Communicators and activists focus on the relationship between gender and ICT
By Dafne Sabanes Plou
SAO PAULO, BRAZIL, 04 November 2005
By Dafne Sabanes Plou, from WNSP
The women’s movement knows just how handy new information and communication technologies (ICTs) can be when it’s time to coordinate its own movement, lead campaigns, Wikipedia ">lobby, and have political effect. Nevertheless there are difficult access barriers for these technologies that are not limited to infrastructural or cost-related issues, but are trapped by power relations and inequalities that leave these tools out of the reach of millions of people, most of which are women.
The workshop that tackled this subject during the 10th Feminist Encounter held in Serra Negra, Sao Paolo, Brazil, from October 9-12, 2005, aimed to raise awareness about the relationship between gender and ICTs though an open dialogue with the participants, composed of a majority of journalists, community radio producers, social communicators, and women’s and feminist movement activists. It was jointly organised by the Association for Progressive Communications’ Women’s Network Support Programme (WNSP) and the Feminist Radio International Endeavour (FIRE) that will disseminate the debates over the Fuente: TechSoup Glossary y GenderIT.org ">internet.
The participants also referred to the daily use women and their organisations make of these new technologies. They expressed their concerns regarding the lack of access – especially in rural areas – the prices that inhibit a more egalitarian use of this resource, and also the inequalities that are created within the organisations themselves between those with internet access, generally the leaders, and those excluded from this possibility. They also articulated the need to ensure that their communication is secure, private and free from any intrusion.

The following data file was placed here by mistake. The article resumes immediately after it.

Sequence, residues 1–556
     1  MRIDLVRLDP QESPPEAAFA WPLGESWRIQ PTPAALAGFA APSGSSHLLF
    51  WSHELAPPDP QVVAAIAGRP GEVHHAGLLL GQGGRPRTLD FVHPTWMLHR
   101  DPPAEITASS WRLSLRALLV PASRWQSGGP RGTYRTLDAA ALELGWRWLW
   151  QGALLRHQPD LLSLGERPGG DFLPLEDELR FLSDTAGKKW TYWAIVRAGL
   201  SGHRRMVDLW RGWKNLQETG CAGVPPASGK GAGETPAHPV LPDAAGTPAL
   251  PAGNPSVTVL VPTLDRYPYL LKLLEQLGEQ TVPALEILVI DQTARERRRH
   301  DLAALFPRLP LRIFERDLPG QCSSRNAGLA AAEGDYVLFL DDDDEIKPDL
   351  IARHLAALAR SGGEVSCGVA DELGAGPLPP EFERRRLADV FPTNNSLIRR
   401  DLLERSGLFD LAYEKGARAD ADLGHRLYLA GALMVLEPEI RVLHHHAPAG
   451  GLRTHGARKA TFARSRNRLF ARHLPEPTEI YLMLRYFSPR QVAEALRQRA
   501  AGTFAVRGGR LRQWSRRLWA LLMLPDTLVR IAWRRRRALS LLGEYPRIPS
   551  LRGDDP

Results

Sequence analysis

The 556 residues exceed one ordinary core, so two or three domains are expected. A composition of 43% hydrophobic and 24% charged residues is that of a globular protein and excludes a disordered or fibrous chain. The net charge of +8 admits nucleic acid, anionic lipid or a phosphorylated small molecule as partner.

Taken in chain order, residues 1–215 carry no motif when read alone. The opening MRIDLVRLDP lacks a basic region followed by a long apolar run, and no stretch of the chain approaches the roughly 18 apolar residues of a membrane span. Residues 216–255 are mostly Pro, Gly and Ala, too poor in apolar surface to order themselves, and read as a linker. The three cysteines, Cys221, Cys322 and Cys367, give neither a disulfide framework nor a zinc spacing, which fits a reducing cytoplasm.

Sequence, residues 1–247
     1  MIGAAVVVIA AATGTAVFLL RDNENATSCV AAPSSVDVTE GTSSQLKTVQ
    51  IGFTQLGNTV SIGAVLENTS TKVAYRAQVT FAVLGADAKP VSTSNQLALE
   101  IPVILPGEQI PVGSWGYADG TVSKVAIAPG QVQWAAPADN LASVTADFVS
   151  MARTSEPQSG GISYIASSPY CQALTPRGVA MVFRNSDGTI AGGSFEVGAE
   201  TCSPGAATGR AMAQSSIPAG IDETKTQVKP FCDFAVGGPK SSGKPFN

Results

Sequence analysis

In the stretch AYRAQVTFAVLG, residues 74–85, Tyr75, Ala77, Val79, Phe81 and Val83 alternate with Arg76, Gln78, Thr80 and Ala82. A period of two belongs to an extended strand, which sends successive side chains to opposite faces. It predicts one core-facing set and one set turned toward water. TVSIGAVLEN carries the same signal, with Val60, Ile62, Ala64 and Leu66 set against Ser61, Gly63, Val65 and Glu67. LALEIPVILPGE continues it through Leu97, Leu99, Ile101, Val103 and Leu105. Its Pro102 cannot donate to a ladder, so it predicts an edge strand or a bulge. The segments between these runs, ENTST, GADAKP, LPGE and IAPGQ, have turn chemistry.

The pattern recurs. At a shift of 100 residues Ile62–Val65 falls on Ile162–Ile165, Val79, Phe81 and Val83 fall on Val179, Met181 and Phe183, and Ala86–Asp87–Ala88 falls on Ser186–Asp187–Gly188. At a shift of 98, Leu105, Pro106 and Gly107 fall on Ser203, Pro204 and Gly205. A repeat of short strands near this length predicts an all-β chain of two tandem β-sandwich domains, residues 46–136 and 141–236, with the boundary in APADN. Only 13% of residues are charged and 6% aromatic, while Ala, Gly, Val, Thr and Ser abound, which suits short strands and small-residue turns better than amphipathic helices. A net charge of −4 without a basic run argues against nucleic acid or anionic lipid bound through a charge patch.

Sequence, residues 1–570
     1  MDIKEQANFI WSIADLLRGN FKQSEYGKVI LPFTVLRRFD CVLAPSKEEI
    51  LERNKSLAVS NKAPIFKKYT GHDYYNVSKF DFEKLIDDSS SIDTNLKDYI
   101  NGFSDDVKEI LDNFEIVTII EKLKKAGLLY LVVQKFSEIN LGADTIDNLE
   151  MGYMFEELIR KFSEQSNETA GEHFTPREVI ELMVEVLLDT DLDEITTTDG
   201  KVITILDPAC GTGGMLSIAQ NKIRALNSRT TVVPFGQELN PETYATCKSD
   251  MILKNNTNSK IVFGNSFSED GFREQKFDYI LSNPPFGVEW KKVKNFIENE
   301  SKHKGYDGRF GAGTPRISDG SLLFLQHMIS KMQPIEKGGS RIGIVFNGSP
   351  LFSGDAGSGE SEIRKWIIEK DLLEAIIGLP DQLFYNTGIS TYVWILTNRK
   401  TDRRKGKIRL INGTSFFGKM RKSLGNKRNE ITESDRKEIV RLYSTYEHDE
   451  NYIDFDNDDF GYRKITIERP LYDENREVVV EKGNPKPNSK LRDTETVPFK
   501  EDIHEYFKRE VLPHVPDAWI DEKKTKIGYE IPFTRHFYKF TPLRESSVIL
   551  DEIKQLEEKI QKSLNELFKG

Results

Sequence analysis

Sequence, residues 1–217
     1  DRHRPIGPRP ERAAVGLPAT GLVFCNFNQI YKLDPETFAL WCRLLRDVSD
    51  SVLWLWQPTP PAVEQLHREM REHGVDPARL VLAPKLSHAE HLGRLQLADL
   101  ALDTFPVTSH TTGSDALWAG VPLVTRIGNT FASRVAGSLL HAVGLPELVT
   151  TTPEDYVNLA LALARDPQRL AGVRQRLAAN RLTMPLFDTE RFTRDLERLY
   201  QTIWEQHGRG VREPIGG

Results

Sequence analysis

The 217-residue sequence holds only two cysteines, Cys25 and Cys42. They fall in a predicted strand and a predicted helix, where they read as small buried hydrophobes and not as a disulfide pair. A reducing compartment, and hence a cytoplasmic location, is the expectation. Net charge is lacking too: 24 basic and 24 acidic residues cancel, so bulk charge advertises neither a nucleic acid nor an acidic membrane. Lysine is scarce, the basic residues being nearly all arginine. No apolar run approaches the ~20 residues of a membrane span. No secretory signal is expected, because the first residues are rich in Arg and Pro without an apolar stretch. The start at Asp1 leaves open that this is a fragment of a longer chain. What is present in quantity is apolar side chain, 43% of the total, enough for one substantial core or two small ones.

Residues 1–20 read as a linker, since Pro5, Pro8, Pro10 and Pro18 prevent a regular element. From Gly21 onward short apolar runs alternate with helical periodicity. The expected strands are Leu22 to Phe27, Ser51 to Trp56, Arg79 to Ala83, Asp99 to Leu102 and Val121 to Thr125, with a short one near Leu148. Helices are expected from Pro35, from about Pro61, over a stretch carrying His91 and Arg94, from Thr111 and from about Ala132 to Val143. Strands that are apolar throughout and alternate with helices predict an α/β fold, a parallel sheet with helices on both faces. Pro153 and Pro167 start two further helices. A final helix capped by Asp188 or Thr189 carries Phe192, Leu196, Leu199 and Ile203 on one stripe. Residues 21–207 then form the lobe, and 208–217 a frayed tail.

They did not cease to analyse ICTs as a tool of the neoliberal globalization that imposes a hegemonic discourse and images of men and women considered perfect and worth imitating that have little to do with the real women and men that struggle for their dignity and their sustenance on a daily basis.
Women are also worried about the use of the internet to promote pornography, the sexual exploitation of women, boys and girls, and racial violence, discrimination and inequality. They considered it vital for women to organise and confront the aggressions and violations of their rights and dignity that are perpetrated on the net.
The democratisation of communication was another of the key subjects that arose in the discussion. For women, the existence of the internet also means the possibility to access information and knowledge, maintain exchanges and facilitate the information flow between organisations from different parts of the region and world. This enriches their work at the local level and broadcasts their voices, thus reflecting the struggles and achievements of the women’s movement. For many of them, it is important to solidify civil society’s participation in internet governance during the World Summit on the Information Society process – the second phase of which is being celebrated in Tunisia this November – in order to ensure democracy and the right to communicate of both women and men.
During the 10th Feminist Encounter, the WNSP was also in charge of moderating one of the panels of the “Complex Dialogues” series on “Feminism and Racism”. It was also a part of the media pool of journalists from different countries that have been collaborating to provide information on events of international interest for the global women’s and feminist movement.